- I feel it. Firstly, there are guys who, after another immersion in the material, became interested in a specific topic and came to get a tattoo on it. For example, I told a story about okuri-okami, a wolf that chases a person at night on a deserted road. This wolf protects the traveler, a person can be sure that his path will pass without incident, and he will definitely reach the goal. One caveat - if a person stumbles and falls, then the wolf will kill him. To many, this seemed like a cool metaphor, and I received several requests for okuri-okami tattoos right after the post was published.
Most of the guys who come to me for the sessions say that they were either interested in Japanese mythology before getting to know my account, or that my diving helped to discover this topic.
Once they wrote to me that they were reading my cards to children - it was very unexpected.
It's great to see this feedback, it helps in the work.
- Do you choose youself images for specific personalities? For example, as do the same tattooists from Thailand who work with Sak Yant. Tell us a little about your workflow.
- It seems to me wrong to play a psychologist shaman and try to guess what a person should wear. Usually people come to me with a relatively formed concept, or with the wish “let's do something cool”.
In the first case, we discuss the details - finalizing the main idea, discussing how to put it on the body, what elements we need, which ones will be superfluous, in what sequence we will perform the work, how long it will take, etc.
In the second case, we usually first narrow the topic to the limit: we discuss a possible range of subjects, location, size - before I start working on a tattoo, it’s still a good idea to figure out what the person really wants. The phrase "let's do something cool" can mean both "I completely trust you, do what you think is necessary" and "I really don't know what I want." If a person does not know what he wants, I prefer to assume that he does not need a tattoo now.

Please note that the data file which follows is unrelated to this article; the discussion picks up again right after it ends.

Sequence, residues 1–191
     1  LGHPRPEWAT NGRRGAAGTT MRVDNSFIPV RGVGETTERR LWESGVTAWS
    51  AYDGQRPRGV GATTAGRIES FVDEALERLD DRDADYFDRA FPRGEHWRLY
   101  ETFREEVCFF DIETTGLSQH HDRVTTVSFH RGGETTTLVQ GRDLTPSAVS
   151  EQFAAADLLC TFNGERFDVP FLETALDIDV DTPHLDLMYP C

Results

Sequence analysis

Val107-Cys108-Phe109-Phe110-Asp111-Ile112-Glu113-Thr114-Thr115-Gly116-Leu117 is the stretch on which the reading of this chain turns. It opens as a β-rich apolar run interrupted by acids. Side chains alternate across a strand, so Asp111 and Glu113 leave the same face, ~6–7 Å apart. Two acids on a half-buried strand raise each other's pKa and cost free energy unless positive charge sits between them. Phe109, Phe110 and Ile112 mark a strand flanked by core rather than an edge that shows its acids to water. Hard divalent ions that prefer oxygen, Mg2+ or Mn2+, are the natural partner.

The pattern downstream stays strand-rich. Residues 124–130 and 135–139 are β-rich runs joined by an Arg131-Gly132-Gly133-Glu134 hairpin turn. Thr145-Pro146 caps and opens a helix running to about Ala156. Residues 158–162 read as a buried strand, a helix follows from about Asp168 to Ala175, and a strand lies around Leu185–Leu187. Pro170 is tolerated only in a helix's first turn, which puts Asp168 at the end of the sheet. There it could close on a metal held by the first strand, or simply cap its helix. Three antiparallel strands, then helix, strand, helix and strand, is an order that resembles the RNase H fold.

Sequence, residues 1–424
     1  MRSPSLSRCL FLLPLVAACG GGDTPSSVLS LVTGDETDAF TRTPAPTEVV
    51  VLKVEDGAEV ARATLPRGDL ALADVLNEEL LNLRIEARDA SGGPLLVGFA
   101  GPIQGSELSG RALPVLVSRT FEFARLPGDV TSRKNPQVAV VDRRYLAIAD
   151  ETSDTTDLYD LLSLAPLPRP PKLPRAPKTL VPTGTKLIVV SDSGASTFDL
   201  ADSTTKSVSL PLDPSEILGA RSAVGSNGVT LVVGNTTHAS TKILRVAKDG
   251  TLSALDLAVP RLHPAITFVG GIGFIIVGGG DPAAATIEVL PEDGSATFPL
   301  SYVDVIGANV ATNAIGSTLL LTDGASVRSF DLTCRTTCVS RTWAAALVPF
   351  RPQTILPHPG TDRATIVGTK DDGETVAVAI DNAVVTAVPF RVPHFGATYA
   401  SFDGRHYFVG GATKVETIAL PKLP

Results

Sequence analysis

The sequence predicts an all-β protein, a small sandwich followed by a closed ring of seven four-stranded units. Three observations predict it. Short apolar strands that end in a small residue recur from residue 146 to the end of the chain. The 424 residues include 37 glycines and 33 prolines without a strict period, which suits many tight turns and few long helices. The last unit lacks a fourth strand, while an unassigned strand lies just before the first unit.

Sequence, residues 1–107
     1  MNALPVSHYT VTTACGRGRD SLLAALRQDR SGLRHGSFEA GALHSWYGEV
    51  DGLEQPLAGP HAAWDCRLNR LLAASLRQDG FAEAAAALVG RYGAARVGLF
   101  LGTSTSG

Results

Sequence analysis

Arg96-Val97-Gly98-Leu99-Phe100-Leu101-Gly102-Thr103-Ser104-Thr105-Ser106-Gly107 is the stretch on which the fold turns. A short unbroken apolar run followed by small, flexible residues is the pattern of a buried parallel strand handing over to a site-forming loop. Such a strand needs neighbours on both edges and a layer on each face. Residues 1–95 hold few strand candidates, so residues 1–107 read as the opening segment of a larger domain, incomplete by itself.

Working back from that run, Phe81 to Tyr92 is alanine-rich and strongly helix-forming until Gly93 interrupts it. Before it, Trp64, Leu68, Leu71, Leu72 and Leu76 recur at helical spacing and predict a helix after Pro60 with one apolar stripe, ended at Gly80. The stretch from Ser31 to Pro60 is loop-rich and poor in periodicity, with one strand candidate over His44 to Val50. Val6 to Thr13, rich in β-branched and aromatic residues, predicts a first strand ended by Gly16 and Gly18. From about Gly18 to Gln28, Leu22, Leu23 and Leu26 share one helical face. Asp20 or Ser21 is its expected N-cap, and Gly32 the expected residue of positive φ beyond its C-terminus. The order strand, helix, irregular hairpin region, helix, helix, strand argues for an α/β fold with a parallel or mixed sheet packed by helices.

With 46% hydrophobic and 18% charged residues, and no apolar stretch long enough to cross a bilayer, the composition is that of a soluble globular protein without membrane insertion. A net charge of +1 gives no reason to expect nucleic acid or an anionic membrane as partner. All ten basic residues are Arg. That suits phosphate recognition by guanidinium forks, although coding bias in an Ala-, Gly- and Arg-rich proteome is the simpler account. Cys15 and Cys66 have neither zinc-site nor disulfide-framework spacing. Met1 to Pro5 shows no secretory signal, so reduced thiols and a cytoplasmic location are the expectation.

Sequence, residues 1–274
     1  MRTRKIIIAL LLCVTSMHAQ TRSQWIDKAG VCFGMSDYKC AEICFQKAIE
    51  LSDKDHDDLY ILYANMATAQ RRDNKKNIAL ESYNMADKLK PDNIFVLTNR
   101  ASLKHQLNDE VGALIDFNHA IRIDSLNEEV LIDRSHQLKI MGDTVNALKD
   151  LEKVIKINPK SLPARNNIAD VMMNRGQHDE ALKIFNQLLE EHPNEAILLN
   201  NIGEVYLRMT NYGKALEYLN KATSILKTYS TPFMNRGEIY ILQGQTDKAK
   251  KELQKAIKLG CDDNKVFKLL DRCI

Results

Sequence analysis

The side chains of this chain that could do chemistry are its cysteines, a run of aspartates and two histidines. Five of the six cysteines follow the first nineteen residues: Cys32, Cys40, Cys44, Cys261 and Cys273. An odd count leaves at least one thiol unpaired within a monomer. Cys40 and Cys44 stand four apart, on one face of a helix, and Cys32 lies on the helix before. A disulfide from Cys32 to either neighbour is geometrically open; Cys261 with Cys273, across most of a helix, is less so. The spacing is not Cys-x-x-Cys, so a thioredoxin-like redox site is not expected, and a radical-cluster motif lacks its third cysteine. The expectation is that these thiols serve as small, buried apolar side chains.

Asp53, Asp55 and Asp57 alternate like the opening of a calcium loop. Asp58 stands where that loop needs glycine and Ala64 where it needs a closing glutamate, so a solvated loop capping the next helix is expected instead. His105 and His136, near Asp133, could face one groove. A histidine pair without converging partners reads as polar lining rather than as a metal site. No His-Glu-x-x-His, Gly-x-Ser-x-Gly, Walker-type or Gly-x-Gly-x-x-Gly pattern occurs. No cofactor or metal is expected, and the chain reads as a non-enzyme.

In all other cases, we discuss the details, sometimes I make some kind of sketch on the body, I get an idea of what and how I will do.
I prepare the sketch for the session and show it there, there is no big point in discussing and making any edits in advance, because a sketch is in any case only a concept on a white flat sheet, all the work is on the body.
- And how often clients come to you with images that have a radically different meaning than with which the person associates it? Are you making them change their mind?
- This usually doesn't happen. It so happened that my clients, as a rule, are on the same wavelength with me, very responsibly approach the choice of the plot, study the topic in advance - and in general they understand well what and why they want to wear.
You don't need to persuade anyone at all, this is not a story about a confrontation of opinions, but joint work for a result that is equally important to both.
If for some reason I do not like the idea with which a person approached me, I will tell him about it and offer alternative options. If we feel the topic differently, the person will leave. If we are on the same wavelength, we will continue to work.
- Oriental tattoo is appreciated by completely different people around the world, but maybe you can highlight something in common among your clients?
- I Can! The people who come to me are very different, but everyone loves their life and is engaged in an interesting business.
Everyone's profession is different, but for all of them, work is not just a place from where they bring money home. This is exactly an interesting business that gives them pleasure, with which they burn - and at sessions with equally burning eyes they tell me about the nuances of front-end development and autopsy of human bodies for natural science museums.
I think the ability to value your work and turn it not into a duty, but into an important side of life is one of the conditions on which the desire to entrust your body to my work and get pleasure from it depends.
Look for even more amazing works of Mikhail on his Instagram, and do not forget to carefully look through the stories - suddenly today he will tell you about the story of the appearance of a character for your future Japanese tattoo!